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  • irishtimes.com - Posted: February 15, 2012 @ 9:45 pm

    A 12 Points plan for better jazz

    Laurence Mackin

    This weekend sees the 12 Points festival invading the Portuguese city of Porto. Last year’s edition took place in Dublin, and every second year this Irish festival finds a foreign home, so now it is headed for the banks of the Duoro.

    The city might be an ancient gem full of Moorish mystery, but the festival is all about the freshest, hottest sounds in jazz and contemporary experimental music. Some 12 bands from 12 European cities will be descending on Porto for three gigs a night in one of the slickest venues in Europe – the new Casa da Musica.

    I’ll be blogging from the festival at the weekend, but in the meantime here is a preview of what’s on offer, with links to some audio to fill your ears with. Just click on each band’s name.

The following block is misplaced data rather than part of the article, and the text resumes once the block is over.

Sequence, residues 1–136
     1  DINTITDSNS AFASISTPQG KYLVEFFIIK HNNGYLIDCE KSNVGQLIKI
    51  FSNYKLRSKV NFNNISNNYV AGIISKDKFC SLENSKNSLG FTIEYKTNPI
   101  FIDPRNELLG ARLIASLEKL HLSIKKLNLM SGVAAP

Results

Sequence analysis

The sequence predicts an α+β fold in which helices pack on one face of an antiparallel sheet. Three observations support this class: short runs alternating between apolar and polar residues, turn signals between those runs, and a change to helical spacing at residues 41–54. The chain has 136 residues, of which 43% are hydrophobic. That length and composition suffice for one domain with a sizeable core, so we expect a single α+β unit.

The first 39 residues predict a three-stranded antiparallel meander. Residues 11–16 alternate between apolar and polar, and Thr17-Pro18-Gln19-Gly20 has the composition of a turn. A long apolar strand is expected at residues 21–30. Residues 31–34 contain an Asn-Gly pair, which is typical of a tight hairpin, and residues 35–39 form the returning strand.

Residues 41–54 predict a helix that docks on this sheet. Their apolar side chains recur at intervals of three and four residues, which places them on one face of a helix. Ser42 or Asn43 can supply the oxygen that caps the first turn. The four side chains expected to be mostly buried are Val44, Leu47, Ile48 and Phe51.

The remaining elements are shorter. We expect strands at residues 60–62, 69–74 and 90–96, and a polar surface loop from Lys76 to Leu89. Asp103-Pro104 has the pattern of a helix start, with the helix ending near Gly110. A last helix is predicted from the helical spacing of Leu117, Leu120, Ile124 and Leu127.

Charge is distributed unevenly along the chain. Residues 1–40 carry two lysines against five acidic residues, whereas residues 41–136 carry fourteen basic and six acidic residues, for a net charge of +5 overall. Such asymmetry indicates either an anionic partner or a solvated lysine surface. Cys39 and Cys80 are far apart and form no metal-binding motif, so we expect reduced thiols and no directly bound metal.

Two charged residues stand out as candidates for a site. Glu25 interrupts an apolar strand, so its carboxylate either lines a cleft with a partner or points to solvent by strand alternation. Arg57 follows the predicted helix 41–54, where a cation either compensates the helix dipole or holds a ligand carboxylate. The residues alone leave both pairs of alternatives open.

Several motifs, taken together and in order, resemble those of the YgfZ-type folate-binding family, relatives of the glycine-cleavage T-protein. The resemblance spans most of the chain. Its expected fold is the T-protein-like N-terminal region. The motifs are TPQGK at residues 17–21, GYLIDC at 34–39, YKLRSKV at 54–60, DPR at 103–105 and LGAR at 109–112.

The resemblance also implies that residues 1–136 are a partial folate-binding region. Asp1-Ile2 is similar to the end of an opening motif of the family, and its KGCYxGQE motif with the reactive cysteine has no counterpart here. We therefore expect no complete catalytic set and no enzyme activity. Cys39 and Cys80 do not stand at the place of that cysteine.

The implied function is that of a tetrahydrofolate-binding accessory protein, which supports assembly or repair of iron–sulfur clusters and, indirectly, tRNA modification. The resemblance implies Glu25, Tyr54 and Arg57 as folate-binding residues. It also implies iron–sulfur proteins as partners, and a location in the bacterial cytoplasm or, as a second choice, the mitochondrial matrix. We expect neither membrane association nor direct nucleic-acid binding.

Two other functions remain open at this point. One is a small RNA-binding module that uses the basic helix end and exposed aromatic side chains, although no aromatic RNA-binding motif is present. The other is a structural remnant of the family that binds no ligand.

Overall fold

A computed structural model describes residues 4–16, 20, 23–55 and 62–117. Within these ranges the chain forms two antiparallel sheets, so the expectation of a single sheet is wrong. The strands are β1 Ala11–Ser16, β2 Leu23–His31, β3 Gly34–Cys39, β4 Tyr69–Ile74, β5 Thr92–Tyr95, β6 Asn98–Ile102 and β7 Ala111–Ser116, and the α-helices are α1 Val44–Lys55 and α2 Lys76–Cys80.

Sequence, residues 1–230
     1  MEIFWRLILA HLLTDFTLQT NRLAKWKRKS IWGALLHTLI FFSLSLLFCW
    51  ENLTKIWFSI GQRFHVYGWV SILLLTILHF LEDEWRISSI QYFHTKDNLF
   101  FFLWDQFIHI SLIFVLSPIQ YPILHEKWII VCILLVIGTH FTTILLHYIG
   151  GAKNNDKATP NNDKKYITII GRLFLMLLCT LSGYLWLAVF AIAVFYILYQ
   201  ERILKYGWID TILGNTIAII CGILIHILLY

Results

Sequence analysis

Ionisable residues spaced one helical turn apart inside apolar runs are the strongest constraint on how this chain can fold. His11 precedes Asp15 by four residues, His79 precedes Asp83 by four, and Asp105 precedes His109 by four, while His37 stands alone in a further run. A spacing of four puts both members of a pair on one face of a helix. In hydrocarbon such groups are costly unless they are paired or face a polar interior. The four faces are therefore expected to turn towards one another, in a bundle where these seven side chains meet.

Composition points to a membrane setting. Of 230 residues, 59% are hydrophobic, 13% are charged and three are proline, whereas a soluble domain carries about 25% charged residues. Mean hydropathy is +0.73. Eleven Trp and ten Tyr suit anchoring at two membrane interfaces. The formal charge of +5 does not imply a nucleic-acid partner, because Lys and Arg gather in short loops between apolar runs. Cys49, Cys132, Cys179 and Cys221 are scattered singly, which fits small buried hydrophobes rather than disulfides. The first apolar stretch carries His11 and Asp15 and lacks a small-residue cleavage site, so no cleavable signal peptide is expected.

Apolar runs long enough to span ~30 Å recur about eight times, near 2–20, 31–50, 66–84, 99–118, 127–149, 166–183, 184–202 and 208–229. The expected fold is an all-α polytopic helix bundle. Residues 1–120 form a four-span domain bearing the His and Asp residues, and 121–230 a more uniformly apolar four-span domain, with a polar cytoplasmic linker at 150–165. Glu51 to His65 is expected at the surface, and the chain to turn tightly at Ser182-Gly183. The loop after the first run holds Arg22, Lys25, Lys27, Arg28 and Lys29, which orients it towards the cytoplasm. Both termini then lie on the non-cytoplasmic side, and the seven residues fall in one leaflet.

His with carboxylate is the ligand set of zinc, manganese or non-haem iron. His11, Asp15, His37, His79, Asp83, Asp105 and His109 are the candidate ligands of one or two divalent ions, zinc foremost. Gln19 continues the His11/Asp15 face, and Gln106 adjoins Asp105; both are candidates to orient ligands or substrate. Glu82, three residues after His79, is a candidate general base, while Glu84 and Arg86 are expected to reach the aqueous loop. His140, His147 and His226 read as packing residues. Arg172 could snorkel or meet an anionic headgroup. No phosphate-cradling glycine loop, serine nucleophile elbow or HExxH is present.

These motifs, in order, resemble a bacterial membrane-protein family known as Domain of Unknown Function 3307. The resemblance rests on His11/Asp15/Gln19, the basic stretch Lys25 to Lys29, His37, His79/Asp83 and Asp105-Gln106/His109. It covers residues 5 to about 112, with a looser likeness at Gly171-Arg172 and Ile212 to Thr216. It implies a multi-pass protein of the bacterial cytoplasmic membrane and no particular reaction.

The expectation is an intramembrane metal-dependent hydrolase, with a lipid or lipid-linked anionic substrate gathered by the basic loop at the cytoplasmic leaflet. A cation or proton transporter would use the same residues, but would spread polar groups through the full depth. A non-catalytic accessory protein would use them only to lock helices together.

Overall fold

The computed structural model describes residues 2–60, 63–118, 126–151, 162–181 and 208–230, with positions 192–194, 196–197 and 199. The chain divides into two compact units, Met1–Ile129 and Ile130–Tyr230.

In the blue and yellow corner, fighting for Helsinki, Finland is Big Blue. This is a straight up quarter of trumpet, piano, bass and drums that allows themselves to work in plenty of space, before building to rich finishes with taught dynamics. It features Kalevi Louhivori on trumpet, Antti Kujanpaa on piano, Jori Huhtala on bass and Joonas Leppänen on drums

    The Irish contingent this year is Thought-Fox. The quintet will be familiar to those who follow the Irish jazz scene: Lauren Kinsella is on vocals, with trombonist Colm O’Hara, Michael Coady on bass, Londoner Simon Roth on drums and Glaswegian Tom Gibbs on piano. Expect plenty of improv vocal that moves into chanteuse, and some intelligent, experienced interplay.

    Ghent, Bleigum is represented by De Beren Gieren (try saying that after a few beers). This is (hurrah!) an old-school piano trio with Fulco Ottervanger on keys, Lieven Van Pee on bass and Simon Segers on drums. They play with plenty of groove and an infectious dose from the classical world. Plus they might collectively have the best names in the festival.